This assignment is the first step in an ongoing project throughout the course. It is important to formulate your question carefully and specifically – you will be using this question to guide your evi

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This assignment is the first step in an ongoing project throughout the course. It is important to formulate your question carefully and specifically – you will be using this question to guide your evidence collection in future modules.

This paper will be in APA format and 2 – 3 pages in length – it must include a title page, page numbers, running head, properly formatted headings, citations, and references. An abstract is not required. If you

Please address the following areas:

Introduction

Overview of topic you selected, and why you believe it is a problem

Body

Discussion of patient/population of interest

Discussion of intervention of interest

Discussion of comparison of interest

Discussion of outcome of interest

Conclusion

This should include the complete PICO(T) question written in a grammatically correct, clear, succinct sentence.

This assignment is the first step in an ongoing project throughout the course. It is important to formulate your question carefully and specifically – you will be using this question to guide your evi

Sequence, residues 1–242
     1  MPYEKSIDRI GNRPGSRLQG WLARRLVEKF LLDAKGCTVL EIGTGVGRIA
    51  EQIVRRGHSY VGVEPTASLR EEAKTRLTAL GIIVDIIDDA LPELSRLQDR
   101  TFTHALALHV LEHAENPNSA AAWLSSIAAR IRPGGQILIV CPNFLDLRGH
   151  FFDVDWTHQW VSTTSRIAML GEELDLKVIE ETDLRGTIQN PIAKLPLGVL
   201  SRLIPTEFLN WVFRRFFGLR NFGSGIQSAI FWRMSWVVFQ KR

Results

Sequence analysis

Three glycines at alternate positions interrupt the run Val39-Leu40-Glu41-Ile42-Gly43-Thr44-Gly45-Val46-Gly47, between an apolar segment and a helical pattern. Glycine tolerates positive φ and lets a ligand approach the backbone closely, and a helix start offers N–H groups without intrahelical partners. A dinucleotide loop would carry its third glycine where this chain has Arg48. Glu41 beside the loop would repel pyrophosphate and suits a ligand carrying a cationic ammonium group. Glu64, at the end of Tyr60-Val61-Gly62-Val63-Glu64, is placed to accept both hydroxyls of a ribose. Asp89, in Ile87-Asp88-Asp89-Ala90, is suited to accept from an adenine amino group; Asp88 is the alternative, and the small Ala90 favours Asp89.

Running head: PICO(T) QUESTION 0 Identify a Clinical Problem and Formulate a PICO(T) Question PICO Overview of Topic When caring for patients, it is always important to assess for their fall risk, especially in elderly patients. For the patient, falls can result in very serious injuries and an increased hospital stay. For the healthcare facility, it can mean an additional healthcare cost that they have to pay. Centers for Medicaid & Medicare Services (CMS) refuses to reimburse for necessary care provided when patient’s experience an accidental fall (Schub & Woten, 2018). Falls can occur due to a wide range of factors including: impaired mobility, cognition, balance and gait, over-reliance on routine living activities, and having a history of falls (Tzeng & Yin, 2015). Accidental falls, such as tripping, and anticipated physiological falls, such as an abnormal gait and balance, are generally preventable (Tzeng & Yin, 2015). However, unanticipated physiological falls, such as a seizure, and behavioral falls, such as when a patient acts out, are not avoidable (Tzeng & Yin, 2015). For this reason, this student believes that using a bed alarm will help reduce patient falls, rather than hourly rounding. In addition to fall prevention programs, having a bed alarm for patients who have a high fall risk will help address the issue of falls. Population The population that is most effected by falls are older patients, “approximately 23-42% of falls occur among older adults residing at home; this compared with 6-22% among older adults in nursing homes and 3-16% among older inpatients” (Jung, Shin & Kim, 2014). In 2010, 31.7% of patients over the age of 65, fell and experienced an injury (Tzeng & Yin, 2015). Intervention If utilized correctly, bed alarms will result in significant benefits. For instance, bed alarms alert healthcare staff whenever there is a change in the position of the patient. These alarms can be placed on beds, chairs, or wheelchairs. When the alarm goes off, it provides staff adequate time to get to the patient’s room to help them (Tzeng & Yin, 2015). It helps nurses to intercept the patient before any serious injury can occur. It can also help older patients, as a reminder that they cannot leave their bed, chair, wheelchair, without the assistance of a healthcare provider. Bed alarms should be used with other interventions such as floor mats and having the bed at the lowest position. Comparison Another strategy for preventing falls is hourly rounding. Even though hourly round can help, it may not be as effective as bed alarm. This is because a fall can still occur right after the nurse goes to round on a patient. With a bed alarm, the alarm will go off when there is a disturbance in weight change resulting in a healthcare provider to check on the patient right away. In a study done by Tucker, Bieber, Attlesey-Pried, Olson, and Dierkhising (2012), they examined the effect of a structed nursing rounds intervention on fall reduction. The intervention initially appeared to reduce falls, however, the reduction was not sustained 1 year later (Tzeng & Yin, 2015). Outcome When patients experience a fall, it can result in serious injuries such as fractures. Fractures are the most frequently reported injury resulting from falls among older adults, accounting for 60% of all fall-related injuries (Jung, Shin & Kim, 2014). Worst case scenario, a complication from certain types of fracture, such as hip joint, may even lead to death or immobility (Jung, Shin & Kim, 2014). If a fall results in immobility, that can lead to secondary health problems such as weakness, constipation, reduced fitness, social isolation and reduced quality of life (Jung, Shin & Kim, 2014). Conclusion Fall prevention is necessary for patients who are at high risk for falls. Interventions such as bed alarms will help with reducing falls because it aids nurses to monitor their patients. Bed alarms are more effective than hourly rounding because it helps constantly monitor patients. PICO Question In older patients (65 and older), can the use of alarms sensors or bed alarms help reduce accidental falls compared to hourly rounding? Ethical Considerations Ethical research exists because there are many factors in place to protect the rights of individuals (Schmidt & Brown, 2019). These factors are here to protect human rights. Human rights are “freedoms, to which all humans are entitles, often held to include the right to life and liberty, freedom of thought and expression, and equality before the law” (Schmidt & Brown, 2019, p. 54). When research and studies are conducted, individuals within this research have rights that need to be protected. It is their choice whether or not they want to participate. They should be given all the information of the study, so they can make an informed decision. It is the nurse’s job to help protect individuals and their rights. Respect for Persons The respect for persons principle states that “individuals should be treated as autonomous and that those diminished autonomy are entitles to protection” (Schmidt & Brown, 2019 p. 57). People should have the right to make decisions for themselves and when they are unable too, someone else should be there to look out for their best interest. The respect for persons comes down to respecting human dignity. Everyone is entitled to dignity. If patients did not want to be recorded for this study it would be their choice, however bed alarms are still implemented regularly to help prevent falls. If patients felt really uncomfortable using a bed alarm, other implementations would be used to help them from falling. Assurance of Autonomy Conducting an evidence-based practice with patients over the age of 65 years old, there is a chance some may have “diminished autonomy”. This term refers to a person in some respect controlled by others or incapable of deliberating or acting on the basis of his or her desired plans (Varelius, 2006, p. 377). Assuring their autonomy is utilized when conducting research is an important factor in respecting the patients’ rights. There will be someone that is there to decide for them that will most benefit the patient. Beneficence Beneficence is the principle of doing good (Schmidt & Brown, 2019). The main aspects of this principle are to do no harm and to maximize possible benefits and minimize possible harm (Schmidt & Brown, 2019, p. 58). This research will maximize benefits by collecting accurate data, utilizing a proper number of participants to yield precise results, and respecting everyone’s rights. In order to minimize harm to any patient, their confidentiality will be ensured, and informed consent will be gained. The benefits of changing practice would be to get different insight about the research, seeing if doing something different yields better results. The benefit of staying with the same practice would be familiarity and comfort. With this particular research, the risk is minimal. Patients will still have other precautions to protect them from falls such as floor mats and having their bed on the lowest setting. This study is a very low risk study considering bed alarms and hourly rounding are already utilized. This study is just to see which particular implementation works better. Justice The principle of justice includes “equity or fairness in the distribution of burdens and benefits” (Schmidt & Brown, 2019, p. 58). Everyone should be treated equally. Everyone will be treated with fairness and respect. There will be a random selection of patients asked to participate so that results will not be skewed. They will be informed of the research and asked to sign an informed consent. Every participate will receive the standard of care (Schmidt & Brown, 2019). This researcher will ensure that all findings from this study are distributed to all clients as well as other units. However, patient confidentiality will still be maintained. References Jung, D., Shin, S., & Kim, H. (2014). A fall prevention guideline for older adults living in long- term care facilities. International Nursing Review, 61(4), 525–533. https://doi- org.ezproxy.rasmussen.edu/10.1111/inr.12131 Schmidt, M. & Brown, N. (2019). Evidence-Based Practice for Nurses, 4th Edition. [Bookshelf Ambassadored]. Retrieved from https://ambassadored.vitalsource.com/#/books/undefined/ Schub, T. B., & Woten, M. R. B. (2018). Fall Prevention in Hospitalized Patients. CINAHL Nursing Guide. Retrieved from http://ezproxy.rasmussen.edu/login?url=http://search.ebscohost.com/login.aspx?direct=tr ue&db=nup&AN=T700313&site=eds-live Tzeng & Yin. (2015). Patient Engagement in Hospital Fall Prevention. Nursing Economics, 33(6), 326–334. Retrieved from http://ezproxy.rasmussen.edu/login?url=http://search.ebscohost.com/login.aspx?direct=tr ue&db=keh&AN=111669237&site=eds-live Varelius, J. (2006). The value of autonomy in medical ethics. Medicine, health care, and philosophy, 9(3), 377-88. Retrieved from https://www.ncbi.nlm.nih.gov/pmc/articles/PMC2780686/